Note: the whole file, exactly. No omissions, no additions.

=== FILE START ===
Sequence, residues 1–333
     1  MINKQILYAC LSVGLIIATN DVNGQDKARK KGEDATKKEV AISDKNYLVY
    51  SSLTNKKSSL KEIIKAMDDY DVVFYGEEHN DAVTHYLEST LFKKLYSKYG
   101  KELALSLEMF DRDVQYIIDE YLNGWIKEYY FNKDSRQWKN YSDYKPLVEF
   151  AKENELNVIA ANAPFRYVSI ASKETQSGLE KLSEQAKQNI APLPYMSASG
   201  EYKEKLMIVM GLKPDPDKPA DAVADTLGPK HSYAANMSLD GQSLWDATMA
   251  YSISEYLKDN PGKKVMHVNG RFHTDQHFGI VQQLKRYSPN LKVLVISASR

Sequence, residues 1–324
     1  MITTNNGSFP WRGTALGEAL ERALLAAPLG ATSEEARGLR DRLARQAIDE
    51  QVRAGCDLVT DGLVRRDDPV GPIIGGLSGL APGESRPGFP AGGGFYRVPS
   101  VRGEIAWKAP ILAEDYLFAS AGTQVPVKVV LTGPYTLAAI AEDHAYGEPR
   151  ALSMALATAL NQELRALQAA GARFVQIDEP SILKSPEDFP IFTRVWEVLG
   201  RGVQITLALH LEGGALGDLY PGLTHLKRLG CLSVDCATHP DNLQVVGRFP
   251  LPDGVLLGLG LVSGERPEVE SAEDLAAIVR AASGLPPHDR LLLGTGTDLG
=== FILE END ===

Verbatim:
Sequence, residues 1–333
     1  MINKQILYAC LSVGLIIATN DVNGQDKARK KGEDATKKEV AISDKNYLVY
    51  SSLTNKKSSL KEIIKAMDDY DVVFYGEEHN DAVTHYLEST LFKKLYSKYG
   101  KELALSLEMF DRDVQYIIDE YLNGWIKEYY FNKDSRQWKN YSDYKPLVEF
   151  AKENELNVIA ANAPFRYVSI ASKETQSGLE KLSEQAKQNI APLPYMSASG
   201  EYKEKLMIVM GLKPDPDKPA DAVADTLGPK HSYAANMSLD GQSLWDATMA
   251  YSISEYLKDN PGKKVMHVNG RFHTDQHFGI VQQLKRYSPN LKVLVISASR

Sequence, residues 1–324
     1  MITTNNGSFP WRGTALGEAL ERALLAAPLG ATSEEARGLR DRLARQAIDE
    51  QVRAGCDLVT DGLVRRDDPV GPIIGGLSGL APGESRPGFP AGGGFYRVPS
   101  VRGEIAWKAP ILAEDYLFAS AGTQVPVKVV LTGPYTLAAI AEDHAYGEPR
   151  ALSMALATAL NQELRALQAA GARFVQIDEP SILKSPEDFP IFTRVWEVLG
   201  RGVQITLALH LEGGALGDLY PGLTHLKRLG CLSVDCATHP DNLQVVGRFP
   251  LPDGVLLGLG LVSGERPEVE SAEDLAAIVR AASGLPPHDR LLLGTGTDLG